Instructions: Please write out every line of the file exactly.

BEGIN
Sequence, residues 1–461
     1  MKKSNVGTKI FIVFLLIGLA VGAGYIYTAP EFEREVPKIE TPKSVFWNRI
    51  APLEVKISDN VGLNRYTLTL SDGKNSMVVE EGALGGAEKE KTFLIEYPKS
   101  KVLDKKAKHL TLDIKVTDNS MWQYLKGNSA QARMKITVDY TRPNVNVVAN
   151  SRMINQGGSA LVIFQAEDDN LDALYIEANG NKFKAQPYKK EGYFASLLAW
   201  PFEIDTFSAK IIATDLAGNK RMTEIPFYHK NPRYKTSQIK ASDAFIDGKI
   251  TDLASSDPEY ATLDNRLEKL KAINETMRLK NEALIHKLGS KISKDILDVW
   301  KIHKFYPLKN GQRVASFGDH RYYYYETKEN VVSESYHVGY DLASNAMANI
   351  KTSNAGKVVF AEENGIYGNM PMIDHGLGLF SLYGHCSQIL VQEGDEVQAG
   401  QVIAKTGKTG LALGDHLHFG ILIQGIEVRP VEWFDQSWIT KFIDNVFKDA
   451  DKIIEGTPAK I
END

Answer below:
Sequence, residues 1–461
     1  MKKSNVGTKI FIVFLLIGLA VGAGYIYTAP EFEREVPKIE TPKSVFWNRI
    51  APLEVKISDN VGLNRYTLTL SDGKNSMVVE EGALGGAEKE KTFLIEYPKS
   101  KVLDKKAKHL TLDIKVTDNS MWQYLKGNSA QARMKITVDY TRPNVNVVAN
   151  SRMINQGGSA LVIFQAEDDN LDALYIEANG NKFKAQPYKK EGYFASLLAW
   201  PFEIDTFSAK IIATDLAGNK RMTEIPFYHK NPRYKTSQIK ASDAFIDGKI
   251  TDLASSDPEY ATLDNRLEKL KAINETMRLK NEALIHKLGS KISKDILDVW
   301  KIHKFYPLKN GQRVASFGDH RYYYYETKEN VVSESYHVGY DLASNAMANI
   351  KTSNAGKVVF AEENGIYGNM PMIDHGLGLF SLYGHCSQIL VQEGDEVQAG
   401  QVIAKTGKTG LALGDHLHFG ILIQGIEVRP VEWFDQSWIT KFIDNVFKDA
   451  DKIIEGTPAK I